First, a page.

When Taal erupted…


When the Philippines Red Cross came out with recommendations about what to pack in an emergency go-bag, I read it thoroughly, carefully and many times. Then we promptly (only) bought  emergency whistles.

“Do not be anxious about anything, but in every situation, by prayer and petition, with thanksgiving, present your requests to God. And the peace of God, which transcends all understanding will guard your hearts and minds in Christ Jesus.” Philippians 4: 6-7 

I’ve lived through earthquakes in California, nuclear threats in South Korea, but no exploding volcanoes—until now. While it took me a day to get over the effects of one and I lived in happy oblivion to the other, the effects of Taal seem to linger.

Maybe it’s because I have a kid now and I’m more sensitive to danger. Maybe it’s because I’m older and  more aware of my mortality. Or maybe it’s because Taal is still at Alert level 4  which means that a hazardous explosive eruption is possible within HOURS or DAYS.

Although to be honest, when it first exploded on Sunday (Jan. 12), we didn’t even know. We were out shopping at a wet market and I thought the grit on my face was from pollution, not ashfall.

Monday was a different story. It was eerily quiet. I kept Journie indoors all day. That night we went to our local mall; most of the retail stores were closed. The restaurants, however, were open (hey, people need to eat) but the customers chatted in somber, quiet tones. I felt uneasy.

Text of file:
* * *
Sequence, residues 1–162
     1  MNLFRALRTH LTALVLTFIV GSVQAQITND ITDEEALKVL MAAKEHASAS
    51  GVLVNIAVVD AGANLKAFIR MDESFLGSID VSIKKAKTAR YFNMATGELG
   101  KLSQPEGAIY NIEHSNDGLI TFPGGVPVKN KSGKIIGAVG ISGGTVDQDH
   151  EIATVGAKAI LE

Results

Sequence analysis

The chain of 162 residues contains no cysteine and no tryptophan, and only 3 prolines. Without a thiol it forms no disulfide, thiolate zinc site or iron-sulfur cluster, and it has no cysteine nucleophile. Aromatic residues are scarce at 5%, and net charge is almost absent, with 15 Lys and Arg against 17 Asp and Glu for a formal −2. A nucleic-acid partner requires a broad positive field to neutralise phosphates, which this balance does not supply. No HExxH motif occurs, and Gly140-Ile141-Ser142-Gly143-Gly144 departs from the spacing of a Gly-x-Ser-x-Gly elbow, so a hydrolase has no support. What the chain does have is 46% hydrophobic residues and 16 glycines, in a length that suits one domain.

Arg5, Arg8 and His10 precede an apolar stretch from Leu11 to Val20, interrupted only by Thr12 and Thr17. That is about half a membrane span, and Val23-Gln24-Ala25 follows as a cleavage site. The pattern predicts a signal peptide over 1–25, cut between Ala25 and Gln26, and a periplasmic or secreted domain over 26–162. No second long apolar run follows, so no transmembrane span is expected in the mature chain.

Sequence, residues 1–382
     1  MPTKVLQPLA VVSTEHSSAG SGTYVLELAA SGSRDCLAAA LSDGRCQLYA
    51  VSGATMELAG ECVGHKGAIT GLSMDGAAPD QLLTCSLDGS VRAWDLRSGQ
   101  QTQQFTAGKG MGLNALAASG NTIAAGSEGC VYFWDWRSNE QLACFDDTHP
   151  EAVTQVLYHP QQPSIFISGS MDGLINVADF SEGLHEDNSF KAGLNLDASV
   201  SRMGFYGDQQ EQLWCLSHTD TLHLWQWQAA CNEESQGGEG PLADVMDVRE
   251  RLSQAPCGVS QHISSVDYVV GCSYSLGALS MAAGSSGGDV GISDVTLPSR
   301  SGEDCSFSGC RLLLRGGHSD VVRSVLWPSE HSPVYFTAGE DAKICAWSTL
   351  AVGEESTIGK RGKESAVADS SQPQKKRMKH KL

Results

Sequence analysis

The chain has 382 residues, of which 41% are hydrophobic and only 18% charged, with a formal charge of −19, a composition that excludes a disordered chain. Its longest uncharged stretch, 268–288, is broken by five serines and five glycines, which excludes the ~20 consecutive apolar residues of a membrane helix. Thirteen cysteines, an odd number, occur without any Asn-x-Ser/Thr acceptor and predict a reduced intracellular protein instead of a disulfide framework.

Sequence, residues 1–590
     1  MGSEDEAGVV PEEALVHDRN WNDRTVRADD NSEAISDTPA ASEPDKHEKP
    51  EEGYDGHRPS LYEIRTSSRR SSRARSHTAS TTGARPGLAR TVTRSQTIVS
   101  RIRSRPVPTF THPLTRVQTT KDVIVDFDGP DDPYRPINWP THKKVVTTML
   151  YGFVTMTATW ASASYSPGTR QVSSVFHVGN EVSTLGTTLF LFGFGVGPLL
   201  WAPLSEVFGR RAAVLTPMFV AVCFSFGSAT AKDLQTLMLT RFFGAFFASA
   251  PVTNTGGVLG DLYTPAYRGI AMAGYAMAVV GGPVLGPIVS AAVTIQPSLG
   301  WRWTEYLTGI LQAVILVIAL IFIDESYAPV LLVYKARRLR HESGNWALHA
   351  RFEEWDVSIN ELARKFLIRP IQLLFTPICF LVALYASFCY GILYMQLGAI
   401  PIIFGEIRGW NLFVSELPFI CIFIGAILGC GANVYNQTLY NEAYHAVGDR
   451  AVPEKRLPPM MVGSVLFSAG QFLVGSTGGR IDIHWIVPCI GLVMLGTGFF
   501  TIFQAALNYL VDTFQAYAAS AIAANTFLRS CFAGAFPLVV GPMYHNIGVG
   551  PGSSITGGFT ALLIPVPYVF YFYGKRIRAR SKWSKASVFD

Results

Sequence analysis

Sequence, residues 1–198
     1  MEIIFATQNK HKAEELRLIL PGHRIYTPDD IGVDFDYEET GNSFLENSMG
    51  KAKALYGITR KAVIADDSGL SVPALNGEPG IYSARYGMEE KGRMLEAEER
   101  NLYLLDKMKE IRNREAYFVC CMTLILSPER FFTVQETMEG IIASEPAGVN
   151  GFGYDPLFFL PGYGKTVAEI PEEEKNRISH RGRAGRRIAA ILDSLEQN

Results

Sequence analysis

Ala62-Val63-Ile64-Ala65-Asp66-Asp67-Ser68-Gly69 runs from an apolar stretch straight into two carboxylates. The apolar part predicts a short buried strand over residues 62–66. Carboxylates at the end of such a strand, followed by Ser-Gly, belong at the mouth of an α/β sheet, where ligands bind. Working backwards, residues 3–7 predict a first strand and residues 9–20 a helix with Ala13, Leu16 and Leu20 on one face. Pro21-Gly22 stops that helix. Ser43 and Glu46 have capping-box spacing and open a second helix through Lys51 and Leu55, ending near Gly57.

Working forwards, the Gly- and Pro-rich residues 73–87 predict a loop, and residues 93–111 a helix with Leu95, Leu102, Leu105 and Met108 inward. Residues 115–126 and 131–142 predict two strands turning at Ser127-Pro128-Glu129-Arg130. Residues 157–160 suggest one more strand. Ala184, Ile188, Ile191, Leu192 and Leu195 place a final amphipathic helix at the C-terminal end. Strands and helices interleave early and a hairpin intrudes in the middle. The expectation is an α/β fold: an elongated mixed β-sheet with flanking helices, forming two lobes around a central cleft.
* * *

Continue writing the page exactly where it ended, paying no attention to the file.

I kept Journie indoors again all Tuesday and Wednesday because I was concerned about ashfall. I obsessively hunted for Taal Volcano updates and reliable websites on air quality. I started to feel paranoid.

The phone calls with my parents didn’t help. One came at 4 IN THE MORNING.

“Bleuh?” Bjorn said.

“Be careful!!!” my dad said excitedly. “You’re living over a major fault line and the volcano could trigger a huge earthquake!!!”

I screeched at him that it was late, irritated by what I deemed an irrational warning. But later that morning, I taught Journie how to “Stop, Drop and Take Cover.”

Oddly, his seeming lack of concern also excited the same levels of ire and anxiety.

“I should have left your mom with you,” he said later that week.

“What are you talking about?!? You should be glad you left when you did! The airport closed down! The volcano could explode!!!” I said.

“Oh, you could just go up to Baguio,” my dad said casually, treating a 4-hour car ride with a disabled person during a possible calamitous natural disaster as if it were nothing.

“WE COULD BE TRAPPED IN THE PHILIPPINES!!!” I shouted, causing all the people in line at McDonalds to turn around and stare (yes, this conversation happened there. During lunch hour.)

So I’ve been maybe a little on edge. But by Thursday, Journie was playing outside again. Life seems to have gone back to normal, although even today, when I looked out the window I still wondered if it was haze from pollution or ashfall. And I still check the PHIVOLCS website every day.

When Taal erupted, we were safe. We still are, and for that I am very grateful to God. Other people have had it much, much worse. But it’s been a bit of an odd week.



4 thoughts on “When Taal erupted…

  1. Very glad you are safe and pray that you will remain so. We were fortunate that Taal never erupted when we lived close to it even if it made some uncomfortable noise at times.

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